By John Wisely and Lori Higgins
Mayor Mike Duggan added his voice Tuesday to those of teachers and others calling for state help for Detroit Public Schools, noting that conditions in some of them "break your heart."
"What I saw today was a mixed bag," Duggan said after touring four schools in the city. "There were some schools that were very well-maintained. There were some other schools that would just break your heart, where students wore their coats in class until it was warm enough to take them off or where children couldn't use the gym because of the water damage. "
Duggan's tour came as 24 schools were closed Tuesday because of teacher sick-outs called to protest what teachers say are deplorable conditions for them as well as students. On Monday, 60 schools were closed because of sick-outs.
Individual teachers took to social media to blast the current state of the schools while their union leader demanded public hearings to address the problems in the schools.
"Our students and their families deserve real answers," Detroit Federation of Teachers Interim President Ivy Bailey said in a statement. "The community is crying out for help over what is clearly a crisis in our schools."
DPS emergency manager Darnell Earley said the district is doing what it can with the money it has available and capital improvements to buildings have been lacking in recent years.
"This is exacerbated by the fact that DPS is essentially insolvent, and if projections carry forward as expected, the district will run out of cash in April," Earley said in a statement. "To the extent that areas of concern are called to our attention, we remediate the issue based on the resources available. In every case where an issue has been brought to our attention, we have responded in as timely a manner as possible."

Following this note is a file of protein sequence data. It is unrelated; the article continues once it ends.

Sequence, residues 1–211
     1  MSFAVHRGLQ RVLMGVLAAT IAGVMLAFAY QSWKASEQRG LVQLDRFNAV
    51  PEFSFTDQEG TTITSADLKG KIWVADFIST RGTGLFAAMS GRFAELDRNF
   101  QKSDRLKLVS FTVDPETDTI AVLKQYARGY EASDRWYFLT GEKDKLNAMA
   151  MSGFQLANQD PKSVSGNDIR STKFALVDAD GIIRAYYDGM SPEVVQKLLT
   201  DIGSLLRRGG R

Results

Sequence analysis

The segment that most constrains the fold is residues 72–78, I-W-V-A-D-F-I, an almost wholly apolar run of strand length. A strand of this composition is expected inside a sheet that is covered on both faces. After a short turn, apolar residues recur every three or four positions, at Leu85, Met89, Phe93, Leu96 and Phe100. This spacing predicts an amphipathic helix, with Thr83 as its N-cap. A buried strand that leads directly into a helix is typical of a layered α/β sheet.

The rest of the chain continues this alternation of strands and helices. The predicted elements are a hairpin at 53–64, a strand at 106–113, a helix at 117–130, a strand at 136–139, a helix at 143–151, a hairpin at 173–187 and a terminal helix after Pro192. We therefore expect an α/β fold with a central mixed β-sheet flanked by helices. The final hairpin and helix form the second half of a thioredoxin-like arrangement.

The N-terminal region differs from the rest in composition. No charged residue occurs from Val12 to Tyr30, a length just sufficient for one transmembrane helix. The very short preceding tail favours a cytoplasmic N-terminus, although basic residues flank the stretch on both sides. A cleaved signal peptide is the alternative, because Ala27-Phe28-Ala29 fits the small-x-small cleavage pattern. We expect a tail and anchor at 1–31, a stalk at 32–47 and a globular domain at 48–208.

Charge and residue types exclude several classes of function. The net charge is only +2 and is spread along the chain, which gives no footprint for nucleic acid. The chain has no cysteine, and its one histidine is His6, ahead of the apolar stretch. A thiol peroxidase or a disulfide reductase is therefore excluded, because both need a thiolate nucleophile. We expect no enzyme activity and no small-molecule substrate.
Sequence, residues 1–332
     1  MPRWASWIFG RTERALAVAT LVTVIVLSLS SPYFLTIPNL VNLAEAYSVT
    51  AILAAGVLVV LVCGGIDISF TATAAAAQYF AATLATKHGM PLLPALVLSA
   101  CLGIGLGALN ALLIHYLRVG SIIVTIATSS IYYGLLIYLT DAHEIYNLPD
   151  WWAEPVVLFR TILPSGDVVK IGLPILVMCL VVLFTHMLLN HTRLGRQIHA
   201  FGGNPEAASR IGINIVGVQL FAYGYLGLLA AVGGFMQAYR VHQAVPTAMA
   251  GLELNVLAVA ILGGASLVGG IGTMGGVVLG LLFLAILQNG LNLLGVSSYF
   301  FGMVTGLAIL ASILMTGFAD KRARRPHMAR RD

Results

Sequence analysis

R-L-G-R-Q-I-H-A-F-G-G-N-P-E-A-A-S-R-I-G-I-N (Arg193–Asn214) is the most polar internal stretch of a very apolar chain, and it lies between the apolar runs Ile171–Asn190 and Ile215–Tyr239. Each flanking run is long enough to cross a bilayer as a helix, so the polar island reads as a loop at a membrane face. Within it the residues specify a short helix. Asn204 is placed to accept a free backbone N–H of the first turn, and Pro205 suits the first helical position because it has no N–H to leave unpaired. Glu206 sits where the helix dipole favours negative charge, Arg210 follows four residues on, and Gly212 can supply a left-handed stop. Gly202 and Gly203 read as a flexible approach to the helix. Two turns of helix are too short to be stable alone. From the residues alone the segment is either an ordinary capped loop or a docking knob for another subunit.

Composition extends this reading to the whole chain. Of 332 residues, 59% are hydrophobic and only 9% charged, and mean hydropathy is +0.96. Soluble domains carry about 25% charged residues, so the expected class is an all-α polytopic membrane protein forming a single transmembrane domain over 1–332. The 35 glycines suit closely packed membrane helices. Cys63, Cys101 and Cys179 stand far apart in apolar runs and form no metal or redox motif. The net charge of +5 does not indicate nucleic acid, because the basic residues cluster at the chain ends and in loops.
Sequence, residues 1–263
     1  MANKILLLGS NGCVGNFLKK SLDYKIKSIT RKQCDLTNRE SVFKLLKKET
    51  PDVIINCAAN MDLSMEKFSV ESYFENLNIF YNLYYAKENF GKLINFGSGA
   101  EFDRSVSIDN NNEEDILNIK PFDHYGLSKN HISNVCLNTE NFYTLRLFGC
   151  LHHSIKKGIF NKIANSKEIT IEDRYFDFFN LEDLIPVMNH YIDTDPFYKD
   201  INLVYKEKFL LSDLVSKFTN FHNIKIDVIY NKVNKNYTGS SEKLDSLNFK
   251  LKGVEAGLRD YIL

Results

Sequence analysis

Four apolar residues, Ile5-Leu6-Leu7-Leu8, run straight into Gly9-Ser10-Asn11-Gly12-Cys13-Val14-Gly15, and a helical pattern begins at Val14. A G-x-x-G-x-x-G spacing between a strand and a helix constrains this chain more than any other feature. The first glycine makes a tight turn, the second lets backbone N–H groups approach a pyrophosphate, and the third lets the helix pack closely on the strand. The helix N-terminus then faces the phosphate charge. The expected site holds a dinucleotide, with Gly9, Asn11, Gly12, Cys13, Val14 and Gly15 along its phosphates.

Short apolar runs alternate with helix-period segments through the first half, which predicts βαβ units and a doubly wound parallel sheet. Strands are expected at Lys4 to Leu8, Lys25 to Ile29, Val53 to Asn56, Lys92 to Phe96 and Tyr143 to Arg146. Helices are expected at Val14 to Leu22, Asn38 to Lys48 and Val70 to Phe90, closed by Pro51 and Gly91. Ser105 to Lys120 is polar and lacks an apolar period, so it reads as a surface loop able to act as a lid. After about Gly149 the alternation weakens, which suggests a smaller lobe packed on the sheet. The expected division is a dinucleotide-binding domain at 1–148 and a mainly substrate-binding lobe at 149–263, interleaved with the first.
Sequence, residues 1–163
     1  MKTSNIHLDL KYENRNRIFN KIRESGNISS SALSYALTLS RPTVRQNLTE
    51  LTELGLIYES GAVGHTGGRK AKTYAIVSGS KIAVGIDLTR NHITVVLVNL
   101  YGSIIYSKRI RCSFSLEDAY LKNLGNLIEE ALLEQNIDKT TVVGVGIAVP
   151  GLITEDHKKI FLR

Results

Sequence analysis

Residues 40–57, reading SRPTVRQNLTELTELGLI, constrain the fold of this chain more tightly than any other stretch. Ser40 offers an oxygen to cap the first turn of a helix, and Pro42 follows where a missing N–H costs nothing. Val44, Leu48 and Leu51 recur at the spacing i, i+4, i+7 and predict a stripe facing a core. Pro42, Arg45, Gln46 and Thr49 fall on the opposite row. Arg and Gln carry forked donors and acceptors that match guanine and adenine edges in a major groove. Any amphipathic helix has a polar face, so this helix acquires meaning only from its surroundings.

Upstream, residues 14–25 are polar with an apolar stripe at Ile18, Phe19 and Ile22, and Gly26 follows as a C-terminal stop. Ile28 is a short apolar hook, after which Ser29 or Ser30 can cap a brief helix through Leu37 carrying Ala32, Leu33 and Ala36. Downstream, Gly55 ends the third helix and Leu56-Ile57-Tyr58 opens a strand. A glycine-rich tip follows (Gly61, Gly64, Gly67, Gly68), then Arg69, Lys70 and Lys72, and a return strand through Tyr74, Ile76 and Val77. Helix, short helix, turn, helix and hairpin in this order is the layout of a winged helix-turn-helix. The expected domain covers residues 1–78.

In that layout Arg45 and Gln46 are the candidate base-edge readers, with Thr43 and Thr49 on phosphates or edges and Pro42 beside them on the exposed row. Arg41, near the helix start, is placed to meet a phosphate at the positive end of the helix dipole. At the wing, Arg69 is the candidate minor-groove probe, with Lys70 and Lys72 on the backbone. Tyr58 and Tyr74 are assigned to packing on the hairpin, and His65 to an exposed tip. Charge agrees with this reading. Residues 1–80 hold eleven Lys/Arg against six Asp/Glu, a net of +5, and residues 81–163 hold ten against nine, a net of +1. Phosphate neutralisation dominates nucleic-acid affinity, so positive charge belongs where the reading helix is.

He added that the district has 97 school buildings that are, on average, 47 years old and that he welcomes any additional money to help address the concerns.
Duggan said the state needs to help fix Detroit schools.
"We are nearing the seventh anniversary of state emergency management of DPS," Duggan said. "Lansing needs to act with real urgency to address the $700-million debt the district now has so issues like these can be addressed."
He added that property owners are responsible for the condition of their buildings.
"When owners fail to maintain their buildings and create a potential public safety risk, the city ... always has the authority to step in and conduct inspections and issue correction orders," Duggan said.
Gov. Rick Snyder told the Free Press today that legislators in Lansing are watching the sick-outs.
"It makes it more challenging because it begs the question that people are asking: What are the teachers doing and how do they care about the kids when they don't show up?" Snyder said. "You'll find that on a lot of minds of the legislators."
Bailey said Detroit needs action, not words, from Lansing.
"The mayor and the state school superintendent are working with us on these issues; we need the governor's help as well," Bailey said in a statement Tuesday.
Michigan law prohibits teacher strikes and includes punishments of up to $5,000 a day for teachers found to have conducted an illegal strike. But before those penalties can be imposed, the district must file a formal complaint with the Michigan Employment Relations Commission. No formal complaint has been filed so far.
Last week, Earley said he was researching the legality of the teachers' action.
Fines in such cases are rare but not unprecedented. In a 2002 case, the commission ordered fines equal to one-day's pay for seven Ann Arbor school employees who called in sick on the same day.
The commission declined to impose fines on 23 other teachers who called in sick after concluding that they had valid excuses for missing work.
Some teachers have taken to social media this past week to plead their cases. Pamela Namyslowski, who teaches fourth grade at Mann Elementary School in Detroit, posted a lengthy open letter to Earley on Friday and by Tuesday, it had been shared more than 6,000 times.
"These deplorable learning conditions happen to also be the teachers' working conditions," she wrote. "We deal with unsafe environments -- both in the neighborhoods surrounding our schools and often within the schools themselves. Unlike you, students and teachers do not have a driver and security guards."
State Superintendent of Schools Brian Whiston said he wants the district's leadership to set up a meeting to address the health and safety issues teachers are raising.
"I care deeply about the safety and well-being of teachers in Detroit, just as I do the students," Whiston said. "They all still need to be in the classrooms teaching and learning, though. If buildings have health and safety issues, they need to be addressed immediately with the district administration and all appropriate agencies."
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